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WIREs Nanomed Nanobiotechnol
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Oxidative stress by inorganic nanoparticles

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Metallic and metallic oxide nanoparticles (NPs) have been increasingly used for various bio‐applications owing to their unique physiochemical properties in terms of conductivity, optical sensitivity, and reactivity. With the extensive usage of NPs, increased human exposure may cause oxidative stress and lead to undesirable health consequences. To date, various endogenous and exogenous sources of oxidants contributing to oxidative stress have been widely reported. Oxidative stress is generally defined as an imbalance between the production of oxidants and the activity of antioxidants, but it is often misrepresented as a single type of cellular stress. At the biological level, NPs can initiate oxidative stress directly or indirectly through various mechanisms, leading to profound effects ranging from the molecular to the disease level. Such effects of oxidative stress have been implicated owing to their small size and high biopersistence. On the other hand, cellular antioxidants help to counteract oxidative stress and protect the cells from further damage. While oxidative stress is commonly known to exert negative biological effects, measured and intentional use of NPs to induce oxidative stress may provide desirable effects to either stimulate cell growth or promote cell death. Hence, NP‐induced oxidative stress can be viewed from a wide paradigm. Because oxidative stress is comprised of a wide array of factors, it is also important to use appropriate assays and methods to detect different pro‐oxidant and antioxidant species at molecular and disease levels. WIREs Nanomed Nanobiotechnol 2016, 8:414–438. doi: 10.1002/wnan.1374 This article is categorized under: Therapeutic Approaches and Drug Discovery > Emerging Technologies Nanotechnology Approaches to Biology > Nanoscale Systems in Biology Toxicology and Regulatory Issues in Nanomedicine > Toxicology of Nanomaterials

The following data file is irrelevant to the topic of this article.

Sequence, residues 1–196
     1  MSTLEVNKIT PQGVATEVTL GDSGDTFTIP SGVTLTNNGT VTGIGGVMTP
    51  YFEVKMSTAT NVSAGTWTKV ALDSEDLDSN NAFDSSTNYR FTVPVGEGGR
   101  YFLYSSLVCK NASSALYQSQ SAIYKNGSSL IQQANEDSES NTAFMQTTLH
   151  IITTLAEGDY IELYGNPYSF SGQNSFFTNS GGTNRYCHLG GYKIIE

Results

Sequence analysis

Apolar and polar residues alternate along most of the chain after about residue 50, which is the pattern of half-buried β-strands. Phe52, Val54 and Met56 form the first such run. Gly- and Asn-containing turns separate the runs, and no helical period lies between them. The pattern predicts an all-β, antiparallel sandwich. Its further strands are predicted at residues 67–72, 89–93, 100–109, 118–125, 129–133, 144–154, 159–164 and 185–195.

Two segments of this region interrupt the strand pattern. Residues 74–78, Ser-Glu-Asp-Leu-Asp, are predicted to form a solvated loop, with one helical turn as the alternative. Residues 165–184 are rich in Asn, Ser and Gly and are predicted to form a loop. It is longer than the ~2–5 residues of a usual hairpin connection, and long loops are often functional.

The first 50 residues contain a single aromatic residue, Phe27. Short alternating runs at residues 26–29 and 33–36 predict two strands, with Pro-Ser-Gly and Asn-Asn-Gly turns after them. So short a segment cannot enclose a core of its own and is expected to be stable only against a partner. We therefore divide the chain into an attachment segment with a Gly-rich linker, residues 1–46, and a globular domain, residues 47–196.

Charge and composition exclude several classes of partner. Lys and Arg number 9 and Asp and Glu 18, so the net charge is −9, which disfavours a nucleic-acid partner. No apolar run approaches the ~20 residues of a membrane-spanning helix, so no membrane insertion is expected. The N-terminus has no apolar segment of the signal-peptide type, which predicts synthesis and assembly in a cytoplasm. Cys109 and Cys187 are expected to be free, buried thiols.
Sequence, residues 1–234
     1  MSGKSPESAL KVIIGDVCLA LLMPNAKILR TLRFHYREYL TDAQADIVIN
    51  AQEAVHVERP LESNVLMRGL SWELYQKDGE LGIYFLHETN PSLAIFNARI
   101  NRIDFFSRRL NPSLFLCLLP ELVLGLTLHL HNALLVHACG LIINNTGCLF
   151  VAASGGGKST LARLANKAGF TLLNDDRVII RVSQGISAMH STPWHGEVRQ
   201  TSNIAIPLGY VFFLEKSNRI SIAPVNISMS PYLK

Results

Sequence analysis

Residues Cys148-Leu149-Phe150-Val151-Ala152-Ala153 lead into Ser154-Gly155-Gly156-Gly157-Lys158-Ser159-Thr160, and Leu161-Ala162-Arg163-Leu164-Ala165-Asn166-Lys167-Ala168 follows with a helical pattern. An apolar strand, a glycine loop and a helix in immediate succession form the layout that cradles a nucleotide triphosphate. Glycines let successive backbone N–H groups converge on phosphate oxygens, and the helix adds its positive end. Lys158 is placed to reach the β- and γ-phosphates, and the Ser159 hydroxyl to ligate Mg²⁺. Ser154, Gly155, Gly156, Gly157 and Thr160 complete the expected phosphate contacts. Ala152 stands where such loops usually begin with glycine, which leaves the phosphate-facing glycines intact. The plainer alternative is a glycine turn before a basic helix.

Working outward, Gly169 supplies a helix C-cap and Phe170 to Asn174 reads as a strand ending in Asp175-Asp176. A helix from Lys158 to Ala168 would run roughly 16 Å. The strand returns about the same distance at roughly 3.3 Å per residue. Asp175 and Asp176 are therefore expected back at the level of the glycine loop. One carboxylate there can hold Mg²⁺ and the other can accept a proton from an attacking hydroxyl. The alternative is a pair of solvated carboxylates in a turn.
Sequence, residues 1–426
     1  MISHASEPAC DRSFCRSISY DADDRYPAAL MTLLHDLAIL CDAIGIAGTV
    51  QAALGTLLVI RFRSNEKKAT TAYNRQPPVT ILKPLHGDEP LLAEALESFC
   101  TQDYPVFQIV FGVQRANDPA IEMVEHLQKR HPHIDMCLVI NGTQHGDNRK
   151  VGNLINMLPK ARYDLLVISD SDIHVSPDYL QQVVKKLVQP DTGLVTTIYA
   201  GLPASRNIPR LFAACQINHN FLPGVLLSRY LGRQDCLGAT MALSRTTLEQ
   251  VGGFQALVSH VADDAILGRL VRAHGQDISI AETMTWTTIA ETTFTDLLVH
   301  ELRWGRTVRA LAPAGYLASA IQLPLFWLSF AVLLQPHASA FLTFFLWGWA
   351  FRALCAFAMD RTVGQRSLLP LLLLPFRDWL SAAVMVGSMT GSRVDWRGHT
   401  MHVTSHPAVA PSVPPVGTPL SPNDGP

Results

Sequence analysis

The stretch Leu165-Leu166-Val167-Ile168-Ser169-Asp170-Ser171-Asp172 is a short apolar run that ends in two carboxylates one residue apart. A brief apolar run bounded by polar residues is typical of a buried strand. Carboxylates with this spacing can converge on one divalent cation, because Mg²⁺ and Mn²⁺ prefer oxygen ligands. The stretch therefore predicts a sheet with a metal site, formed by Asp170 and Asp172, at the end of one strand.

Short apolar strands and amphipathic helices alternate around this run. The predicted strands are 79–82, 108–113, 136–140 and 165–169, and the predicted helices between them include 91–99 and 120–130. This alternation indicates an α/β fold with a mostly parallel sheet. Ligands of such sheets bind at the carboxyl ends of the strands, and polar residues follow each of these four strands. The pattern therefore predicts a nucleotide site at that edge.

Paradigm of the intrinsic abilities of metallic and metallic oxide nanoparticles (NPs). Examples illustrated four distinct mechanisms of how NPs contribute to the perturbation of cellular oxidative state.
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Oxidative stress‐mediated toxicity of nanoparticles elicit a number of biological responses that can be utilized for antibacterial and anticancer therapeutics. (Reprinted with permission from Ref . Copyright 2008 Elsevier)
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Schematic diagram of three different ways that nanoparticle (NP)‐induced oxidative stress can be applied in nanomedicine. Responses range from proliferative effects to cellular death.
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Balance of pro‐oxidants and antioxidants that determine the oxidative state of the cell.
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Nanoparticle‐induced reactive oxygen species (ROS) trigger the activation of specific molecules and signaling pathways to elicit varying cellular responses.
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Nanoparticle‐induced oxidative stress can be categorized based on different biological levels.
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Sources of oxidants and their cellular localisation. Reactive oxygen species (ROS) are generated from various compartments of the cell such as the cytosol, mitochondria, endoplasmic reticulum and nucleus. Nanoparticles (NPs) may also contribute as a source of oxidants.
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Therapeutic Approaches and Drug Discovery > Emerging Technologies
Toxicology and Regulatory Issues in Nanomedicine > Toxicology of Nanomaterials
Nanotechnology Approaches to Biology > Nanoscale Systems in Biology

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